The military alliance agreed in a Brussels meeting to establish a series of six command centres and two regional headquarters deep inside eastern Europe, creating important hubs for training and the possible deployment of troops in a crisis.
The defence ministers also said they will increase NATO's rapid reaction force to 30,000 troops.
The increasing violence in eastern Ukraine and apparent buildup of Russian forces in the region was condemned by both Defence Minister Rob Nicholson in Brussels and Prime Minister Stephen Harper back home.
"Canada has responded strongly, as have many of our allies, but I think all of this indicates we need, if anything, more," Harper said in Brampton, Ont. "We urge everybody to do more and have a forceful response, but obviously we will always work with our allies and our partners as we shape our response to those events."
Nicholson said deploying headquarters units to Poland, Estonia, Lithuania, Latvia, Romania and Bulgaria is only good planning and is not provocative, even though Russia's foreign minister paints it that way.
"Have a look at the way NATO runs and has always run," Nicholson said in a conference call following the meeting. "They should get the message we and other countries have been delivering, that they should back off their aggression against Ukraine."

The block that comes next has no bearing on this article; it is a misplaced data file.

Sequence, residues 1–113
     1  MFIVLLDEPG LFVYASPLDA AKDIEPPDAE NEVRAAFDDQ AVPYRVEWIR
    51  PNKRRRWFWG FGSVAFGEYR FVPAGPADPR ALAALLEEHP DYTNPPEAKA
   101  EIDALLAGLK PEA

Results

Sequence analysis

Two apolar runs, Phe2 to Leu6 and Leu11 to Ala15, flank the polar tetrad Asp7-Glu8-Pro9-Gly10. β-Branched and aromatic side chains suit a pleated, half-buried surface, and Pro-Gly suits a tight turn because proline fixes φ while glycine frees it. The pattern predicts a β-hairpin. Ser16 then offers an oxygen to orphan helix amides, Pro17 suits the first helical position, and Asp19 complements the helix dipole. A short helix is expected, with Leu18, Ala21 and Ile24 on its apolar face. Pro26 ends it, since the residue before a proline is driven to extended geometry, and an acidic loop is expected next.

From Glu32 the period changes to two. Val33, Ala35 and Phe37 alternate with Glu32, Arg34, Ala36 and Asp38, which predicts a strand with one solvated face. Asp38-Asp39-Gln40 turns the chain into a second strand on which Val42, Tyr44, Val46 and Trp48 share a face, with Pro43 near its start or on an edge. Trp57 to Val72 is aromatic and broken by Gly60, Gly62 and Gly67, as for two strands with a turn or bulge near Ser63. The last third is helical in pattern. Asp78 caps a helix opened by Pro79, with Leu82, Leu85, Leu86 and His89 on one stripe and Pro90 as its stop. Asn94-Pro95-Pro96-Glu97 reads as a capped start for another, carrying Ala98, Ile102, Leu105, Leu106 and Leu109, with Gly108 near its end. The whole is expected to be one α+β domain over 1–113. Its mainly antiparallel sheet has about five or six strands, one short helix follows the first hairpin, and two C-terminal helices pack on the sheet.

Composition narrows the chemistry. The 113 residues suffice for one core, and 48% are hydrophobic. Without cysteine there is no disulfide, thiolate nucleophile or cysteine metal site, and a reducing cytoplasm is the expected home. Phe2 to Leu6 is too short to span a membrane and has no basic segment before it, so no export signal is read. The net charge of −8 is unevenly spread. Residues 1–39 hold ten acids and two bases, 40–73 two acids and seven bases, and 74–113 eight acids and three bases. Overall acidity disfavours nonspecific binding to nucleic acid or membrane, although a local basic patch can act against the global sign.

Despite the tough talk, neither Harper, nor Nicholson would immediately commit to send soldiers to staff any of the eight command units, saying instead that the government will examine where it can best help.
Canada has a frigate as part of NATO's standing naval task force and recently saw four CF-18s return home from an air policing mission over the Baltic. It will send troops to further training exercises this year.
Nicholson also refused to commit to arming Ukraine, which the U.S. is actively considering.
The defence ministers also met government representatives from the former Soviet republic of Georgia, which is seeking admission to NATO — something Nicholson says Canada supports.
Supporting the tiny republic, which is sandwiched between Russia and Turkey, is a cost-free exercise for Canada, said defence expert Steve Saideman, of Carleton University.
"Nobody is going to allow Georgia into NATO any time soon," said Saideman. The former Soviet satellite fought a brief, nasty war with Russia in 2008 and NATO's commitment to defend member states has made it leery of getting too deeply involved there, beyond setting up a joint training centre.
The Harper government's reluctance to detail what it intends to contribute, over and above existing commitments, makes everything the prime minister and Nicholson have said ring hollow, Saideman said.
"On a lot of stuff, Canada can talk all it wants because it doesn't have to pay the cost.
"On putting troops into Europe, that costs money and this government doesn't want anything that costs money."
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